Twenty-five years have passed since the nuclear disaster at Chernobyl. Since that time, the exclusion zone has remained closed off to the outside world.
But a young Ukrainian is now inside this forbidden area, searching for an old family secret that lies dormant — a secret that will explain many of the mysteries of his life.
Undeniably ambitious and visually impressive, this short drama from writer-director Jordi Montornes and co-writer Sergi Mari is an atmospheric and haunting meditation on family, legacy and the horrors buried in the past that shape our identities today.
With the somber, painterly cinematography, sweeping camerawork and a deliberate, disembodied sense of rhythm and pacing, the craftsmanship not only portrays the wasted landscape of Russia, but evokes Russian cinematic giants like Andrei Tarkovsky in its ability to create a contemplative, dreamlike experience that feels very much like experiencing a memory as it is being made.
Its portrayal of the grim, desolate and ravaged city of Prypiat, where the Chernobyl disaster took place, is a remarkable achievement, especially considering that the production itself was shot in Spain. With its feel for the texture of ruins, the setting forms the backdrop for a cinematic experience that privileges the sheer power of moving images and sound over straightforward storytelling. This kind of narrative can be challenging, requiring that viewers let go of expectations of immediate cause and effect. But the stunning imagery is able to evoke the devastation of Chernobyl in a way that mere words or dialogue can barely touch upon.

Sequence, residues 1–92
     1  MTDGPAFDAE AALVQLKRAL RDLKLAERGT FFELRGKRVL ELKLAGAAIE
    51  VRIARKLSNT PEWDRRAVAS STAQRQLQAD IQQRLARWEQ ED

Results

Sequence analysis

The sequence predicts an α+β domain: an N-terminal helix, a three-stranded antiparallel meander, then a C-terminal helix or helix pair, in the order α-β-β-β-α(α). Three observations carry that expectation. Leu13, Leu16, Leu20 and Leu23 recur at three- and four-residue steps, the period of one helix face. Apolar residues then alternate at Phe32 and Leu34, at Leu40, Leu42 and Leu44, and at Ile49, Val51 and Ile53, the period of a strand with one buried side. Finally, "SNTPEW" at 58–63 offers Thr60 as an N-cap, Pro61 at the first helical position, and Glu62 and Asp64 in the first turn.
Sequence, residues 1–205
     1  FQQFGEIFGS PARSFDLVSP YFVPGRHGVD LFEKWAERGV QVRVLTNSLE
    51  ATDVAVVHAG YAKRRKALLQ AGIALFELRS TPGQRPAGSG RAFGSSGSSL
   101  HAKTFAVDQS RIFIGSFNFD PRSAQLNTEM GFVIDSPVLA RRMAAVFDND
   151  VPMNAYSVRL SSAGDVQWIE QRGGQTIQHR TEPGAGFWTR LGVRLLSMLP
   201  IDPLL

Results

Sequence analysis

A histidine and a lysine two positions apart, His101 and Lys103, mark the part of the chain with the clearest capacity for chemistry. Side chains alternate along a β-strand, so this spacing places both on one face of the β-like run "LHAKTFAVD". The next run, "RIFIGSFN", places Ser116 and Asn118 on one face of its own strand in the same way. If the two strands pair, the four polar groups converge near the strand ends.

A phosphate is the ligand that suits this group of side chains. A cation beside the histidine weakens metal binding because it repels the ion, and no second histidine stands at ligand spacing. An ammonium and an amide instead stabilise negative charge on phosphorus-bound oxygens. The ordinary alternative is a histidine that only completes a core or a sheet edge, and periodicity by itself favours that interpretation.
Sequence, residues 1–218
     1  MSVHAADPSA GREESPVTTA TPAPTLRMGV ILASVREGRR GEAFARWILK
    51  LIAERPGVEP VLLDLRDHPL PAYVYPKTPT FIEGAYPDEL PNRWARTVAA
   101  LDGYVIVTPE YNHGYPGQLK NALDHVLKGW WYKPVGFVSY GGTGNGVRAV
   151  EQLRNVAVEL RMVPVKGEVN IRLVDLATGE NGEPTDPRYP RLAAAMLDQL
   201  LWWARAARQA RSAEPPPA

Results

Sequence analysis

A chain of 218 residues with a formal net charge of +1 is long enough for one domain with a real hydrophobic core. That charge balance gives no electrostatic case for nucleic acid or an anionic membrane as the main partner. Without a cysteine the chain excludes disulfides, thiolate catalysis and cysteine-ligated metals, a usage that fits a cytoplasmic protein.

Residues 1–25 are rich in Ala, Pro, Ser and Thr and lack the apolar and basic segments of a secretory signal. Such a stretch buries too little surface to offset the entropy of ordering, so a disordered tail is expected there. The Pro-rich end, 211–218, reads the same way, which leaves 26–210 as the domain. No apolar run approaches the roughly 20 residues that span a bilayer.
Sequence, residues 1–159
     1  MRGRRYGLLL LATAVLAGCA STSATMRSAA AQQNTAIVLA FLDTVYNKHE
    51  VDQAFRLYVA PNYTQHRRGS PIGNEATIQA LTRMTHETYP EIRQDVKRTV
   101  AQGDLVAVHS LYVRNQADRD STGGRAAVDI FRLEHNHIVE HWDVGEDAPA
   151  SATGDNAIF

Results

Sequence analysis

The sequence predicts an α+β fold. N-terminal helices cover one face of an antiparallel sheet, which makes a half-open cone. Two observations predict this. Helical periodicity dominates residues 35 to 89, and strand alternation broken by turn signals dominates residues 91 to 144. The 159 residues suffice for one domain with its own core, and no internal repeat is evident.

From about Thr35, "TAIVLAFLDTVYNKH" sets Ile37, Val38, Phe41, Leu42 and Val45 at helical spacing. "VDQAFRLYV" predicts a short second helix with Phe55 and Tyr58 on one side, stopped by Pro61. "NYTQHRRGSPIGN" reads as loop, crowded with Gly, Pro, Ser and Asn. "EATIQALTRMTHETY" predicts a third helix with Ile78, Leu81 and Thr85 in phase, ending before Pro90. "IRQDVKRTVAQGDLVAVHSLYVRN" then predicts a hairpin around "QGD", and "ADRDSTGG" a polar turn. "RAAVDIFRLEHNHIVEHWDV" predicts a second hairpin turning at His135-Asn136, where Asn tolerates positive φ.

Many of the images are details and landscape shots accompanying the young man’s voiceover as he wanders and investigates the disaster zone. The dense, detailed sound design — full of pensive voiceover, radiation measurement sounds, atonal musical score and alarms — commingle temporal dimensions of past and present. Yet this fits the main character’s subjectivity, as a young man haunted by his family secrets. As he delves deeper into the ruins of Chernobyl, though, he finally confronts the mysteries of his past — and unlocks the key to his future.
“Yuri’s Omen” works like an impressionistic stream of images, feelings, thoughts, musings and sounds, washing over viewers and pulling them into a powerful current of almost mystical cinematic atmosphere. Easy answers aren’t given here, but with such distinctive visuals and a poetic approach to craft, the film strikes a deep emotional chord as it mirrors no less than the journey to understand one’s deepest self. Yoking the global disaster of a nuclear accident to the inner ravages of generational trauma, “Yuri’s Omen” captures the difficult heart of confronting our worst fears — the possibilities when we face them directly.